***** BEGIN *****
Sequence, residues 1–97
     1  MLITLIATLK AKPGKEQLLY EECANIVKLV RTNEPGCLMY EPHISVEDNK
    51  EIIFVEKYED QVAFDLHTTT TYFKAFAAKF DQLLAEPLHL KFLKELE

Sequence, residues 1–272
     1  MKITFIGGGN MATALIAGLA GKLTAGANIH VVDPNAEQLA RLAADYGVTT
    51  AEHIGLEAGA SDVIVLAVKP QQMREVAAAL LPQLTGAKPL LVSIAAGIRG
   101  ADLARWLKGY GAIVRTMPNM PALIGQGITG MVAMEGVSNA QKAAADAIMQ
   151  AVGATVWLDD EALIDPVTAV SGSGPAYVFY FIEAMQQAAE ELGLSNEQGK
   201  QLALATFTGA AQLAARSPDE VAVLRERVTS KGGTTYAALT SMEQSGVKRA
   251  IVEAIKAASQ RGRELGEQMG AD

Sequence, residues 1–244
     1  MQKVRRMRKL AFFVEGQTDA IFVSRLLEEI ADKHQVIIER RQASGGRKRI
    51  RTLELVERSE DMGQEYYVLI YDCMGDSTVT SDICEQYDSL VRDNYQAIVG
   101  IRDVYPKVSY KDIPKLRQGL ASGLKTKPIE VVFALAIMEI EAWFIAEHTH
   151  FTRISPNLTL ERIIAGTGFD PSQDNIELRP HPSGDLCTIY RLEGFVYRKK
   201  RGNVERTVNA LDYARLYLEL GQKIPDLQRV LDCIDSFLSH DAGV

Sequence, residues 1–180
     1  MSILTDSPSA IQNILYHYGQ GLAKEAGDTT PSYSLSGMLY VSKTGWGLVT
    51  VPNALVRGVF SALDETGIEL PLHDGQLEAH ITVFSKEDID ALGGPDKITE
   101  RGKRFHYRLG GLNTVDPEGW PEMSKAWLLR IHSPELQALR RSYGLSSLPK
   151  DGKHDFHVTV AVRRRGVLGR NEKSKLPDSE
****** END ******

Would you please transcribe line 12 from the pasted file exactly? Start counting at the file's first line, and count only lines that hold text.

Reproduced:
     1  MQKVRRMRKL AFFVEGQTDA IFVSRLLEEI ADKHQVIIER RQASGGRKRI